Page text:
My life is changed. For better.


ONE YEAR AGO: Strawberry Coffee Cake

TWO YEARS AGO: Lemon-Poppy Seed Muffins

THREE YEARS AGO: Mascarpone Brownies

FOUR YEARS AGO: Salmon Tacos

FIVE YEARS AGOCinnamon Turban Bread

SIX YEARS AGO: Summertime Gratin


  1. This sounds delicious! One of my favorite salads uses grapes, but I never thought to pair them with avocado. Fabulous! This will be on our table as soon as we return home. The kids will love this!


    • When you decide to try it, make sure to rinse it very well before cooking. Even if it says it is pre-rinsed in the package… and do use this method to make sure the texture will be perfect, not at all mushy…

      Liked by 1 person

      • I’d like to give it a try … just not too adventurous right now with the heat etc. Still, to keep my hand in, I made limonello tiramisu yesterday as, other than making the lemon curd, the rest of the process was assembly and chill/freeze. I don’t make the ladyfingers either … there ARE limits. 🙂


  2. This sounds amazing ~ with simplicity like this, the ingredients can really shine. I just love the idea of fresh squeezed lime for dressing – that’s often all I need! Especially in the summer heat; so refreshing. I normally cook quinoa in our rice cooker and have always been pleased with the result but your life changing method definitely sounds worth a try ;-).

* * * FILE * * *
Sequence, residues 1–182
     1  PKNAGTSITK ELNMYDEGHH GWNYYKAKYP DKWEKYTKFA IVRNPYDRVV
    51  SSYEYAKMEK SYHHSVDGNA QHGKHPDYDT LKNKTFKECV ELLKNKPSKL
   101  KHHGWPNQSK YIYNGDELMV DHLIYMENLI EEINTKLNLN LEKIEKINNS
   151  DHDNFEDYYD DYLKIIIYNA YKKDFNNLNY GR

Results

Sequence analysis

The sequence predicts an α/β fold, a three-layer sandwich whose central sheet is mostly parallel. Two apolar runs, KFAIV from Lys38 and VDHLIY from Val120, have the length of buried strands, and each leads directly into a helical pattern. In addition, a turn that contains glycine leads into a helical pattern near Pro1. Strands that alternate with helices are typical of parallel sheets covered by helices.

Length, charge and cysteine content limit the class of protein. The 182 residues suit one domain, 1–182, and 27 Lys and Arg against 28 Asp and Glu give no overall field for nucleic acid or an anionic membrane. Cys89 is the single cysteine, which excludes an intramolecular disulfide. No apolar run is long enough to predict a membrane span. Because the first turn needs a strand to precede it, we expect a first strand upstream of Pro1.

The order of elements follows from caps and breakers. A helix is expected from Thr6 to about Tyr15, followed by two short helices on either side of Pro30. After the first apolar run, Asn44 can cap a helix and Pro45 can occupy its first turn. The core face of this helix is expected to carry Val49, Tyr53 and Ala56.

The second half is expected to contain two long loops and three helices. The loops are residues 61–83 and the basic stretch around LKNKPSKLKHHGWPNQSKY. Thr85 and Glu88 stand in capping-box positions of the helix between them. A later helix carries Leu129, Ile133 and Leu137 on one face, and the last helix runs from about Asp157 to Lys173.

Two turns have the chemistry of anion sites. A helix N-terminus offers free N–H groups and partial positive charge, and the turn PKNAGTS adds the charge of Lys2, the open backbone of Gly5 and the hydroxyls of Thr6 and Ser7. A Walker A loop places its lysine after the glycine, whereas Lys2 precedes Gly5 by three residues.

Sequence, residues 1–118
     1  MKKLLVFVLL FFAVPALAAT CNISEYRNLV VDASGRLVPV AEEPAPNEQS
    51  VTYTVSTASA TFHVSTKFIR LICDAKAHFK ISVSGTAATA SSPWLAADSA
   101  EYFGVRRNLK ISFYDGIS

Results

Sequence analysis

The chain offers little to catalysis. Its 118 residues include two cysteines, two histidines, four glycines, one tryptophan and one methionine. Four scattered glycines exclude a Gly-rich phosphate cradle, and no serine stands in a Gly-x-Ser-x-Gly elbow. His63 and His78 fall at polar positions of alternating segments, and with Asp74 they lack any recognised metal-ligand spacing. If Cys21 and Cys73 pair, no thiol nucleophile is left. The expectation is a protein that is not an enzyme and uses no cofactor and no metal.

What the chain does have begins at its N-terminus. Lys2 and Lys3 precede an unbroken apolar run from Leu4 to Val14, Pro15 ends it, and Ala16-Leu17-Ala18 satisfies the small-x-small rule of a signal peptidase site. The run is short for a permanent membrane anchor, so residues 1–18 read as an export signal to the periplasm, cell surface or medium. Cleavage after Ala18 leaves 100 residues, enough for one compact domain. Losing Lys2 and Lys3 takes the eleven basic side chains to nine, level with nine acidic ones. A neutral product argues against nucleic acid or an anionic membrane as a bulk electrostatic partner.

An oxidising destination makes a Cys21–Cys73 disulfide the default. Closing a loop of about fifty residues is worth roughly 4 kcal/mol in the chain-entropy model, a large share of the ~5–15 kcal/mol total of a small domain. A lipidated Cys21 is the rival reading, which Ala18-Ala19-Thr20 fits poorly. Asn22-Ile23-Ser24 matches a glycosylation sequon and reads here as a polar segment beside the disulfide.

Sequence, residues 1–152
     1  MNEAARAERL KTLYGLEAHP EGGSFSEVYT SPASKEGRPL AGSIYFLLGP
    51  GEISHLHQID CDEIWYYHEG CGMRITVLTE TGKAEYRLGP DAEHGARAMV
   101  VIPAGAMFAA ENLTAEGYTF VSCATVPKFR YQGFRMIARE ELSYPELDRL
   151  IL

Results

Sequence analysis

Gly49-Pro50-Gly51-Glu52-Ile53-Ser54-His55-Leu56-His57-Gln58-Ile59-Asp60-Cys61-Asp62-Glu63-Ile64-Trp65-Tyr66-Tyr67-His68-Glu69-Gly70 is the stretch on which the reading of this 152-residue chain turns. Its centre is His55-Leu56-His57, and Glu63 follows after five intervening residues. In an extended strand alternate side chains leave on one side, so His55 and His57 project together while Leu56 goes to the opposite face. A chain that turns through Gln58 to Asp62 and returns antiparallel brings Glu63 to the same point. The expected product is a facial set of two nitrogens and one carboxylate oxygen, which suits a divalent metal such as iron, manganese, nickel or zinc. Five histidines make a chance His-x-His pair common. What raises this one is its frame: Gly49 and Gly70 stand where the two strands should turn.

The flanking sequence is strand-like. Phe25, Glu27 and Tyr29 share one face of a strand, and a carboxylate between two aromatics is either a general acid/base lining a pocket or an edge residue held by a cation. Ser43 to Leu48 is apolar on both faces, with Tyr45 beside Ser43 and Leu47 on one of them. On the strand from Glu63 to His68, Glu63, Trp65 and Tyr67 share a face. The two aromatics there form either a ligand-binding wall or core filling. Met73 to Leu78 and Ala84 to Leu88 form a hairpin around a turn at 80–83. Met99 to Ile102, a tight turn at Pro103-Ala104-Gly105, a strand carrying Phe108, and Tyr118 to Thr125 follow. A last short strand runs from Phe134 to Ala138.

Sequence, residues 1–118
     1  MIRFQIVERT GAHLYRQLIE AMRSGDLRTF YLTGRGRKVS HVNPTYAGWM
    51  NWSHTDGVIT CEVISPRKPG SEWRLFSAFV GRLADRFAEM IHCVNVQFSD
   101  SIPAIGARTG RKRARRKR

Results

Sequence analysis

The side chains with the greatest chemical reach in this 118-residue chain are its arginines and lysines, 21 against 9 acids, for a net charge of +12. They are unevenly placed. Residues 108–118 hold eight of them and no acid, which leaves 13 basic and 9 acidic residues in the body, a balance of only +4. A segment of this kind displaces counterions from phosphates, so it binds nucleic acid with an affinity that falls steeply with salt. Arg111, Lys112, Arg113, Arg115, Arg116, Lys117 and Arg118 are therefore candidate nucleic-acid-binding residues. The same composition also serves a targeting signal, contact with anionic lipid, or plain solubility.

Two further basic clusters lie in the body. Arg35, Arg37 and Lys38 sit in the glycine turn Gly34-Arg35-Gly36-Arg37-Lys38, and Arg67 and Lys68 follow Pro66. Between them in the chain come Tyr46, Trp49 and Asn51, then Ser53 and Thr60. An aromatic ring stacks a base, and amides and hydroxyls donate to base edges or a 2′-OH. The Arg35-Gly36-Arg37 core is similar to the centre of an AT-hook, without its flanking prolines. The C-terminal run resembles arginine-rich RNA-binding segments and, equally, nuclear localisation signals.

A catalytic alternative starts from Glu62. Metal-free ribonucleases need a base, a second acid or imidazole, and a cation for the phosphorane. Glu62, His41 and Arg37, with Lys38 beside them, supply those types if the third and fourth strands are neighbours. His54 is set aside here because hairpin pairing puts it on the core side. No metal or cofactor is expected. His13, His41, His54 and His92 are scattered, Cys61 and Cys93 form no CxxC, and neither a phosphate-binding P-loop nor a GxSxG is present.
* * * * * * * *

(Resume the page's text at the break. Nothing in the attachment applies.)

3. Sally, you know I love you. But I’m going to seem like a negative nelly here. First. I really dislike Katie Lee. So what? she was married to billy joel and has cooked for a few years. boo! and her voice really disturbs me. And then there’s quinoa. I really got in to whole foods even more extremely than i ever had before (I’m essentially a Californian) in the 80’s and 90’s, and it’s hard for me to go back. quinoa, kamut, teff, amaranth, blah blah blah. so, on the plus side, the salad really does look lovely, but i really don’t love quinoa’s taste. But I would make it with hulled barley!


    • Oh, Katie Lee gets on my nerves too… but I “smelled” a good salad in her recipe and decided to give it a try. Same goes for Rachael Ray, I can watch a few minutes before I start rolling my eyes to the ceiling, but many of her recipes are winners…. For the most part I can divorce myself from their persona and profit exclusively from the recipes. Now, that Guy guy, you know, the big blond one from Food Tv, Fiery? I cannot stand 2 seconds of him

      as far as quinoa goes, if you don’t like it, definitely try it with some other grain or make it a pasta salad with orzo… hummmmm….


  4. I guess I have not been visiting for awhile. What a nice reward when I stopped a minute to take a peek. I have always thought quinoa was overcooked or a little mushy for my taste. Can hardly wait to try this out. Thank you, thank, you, thank you. I know this method came from some where else but the point is, I don’t need the somewhere else when I have Bewitching Kitchen.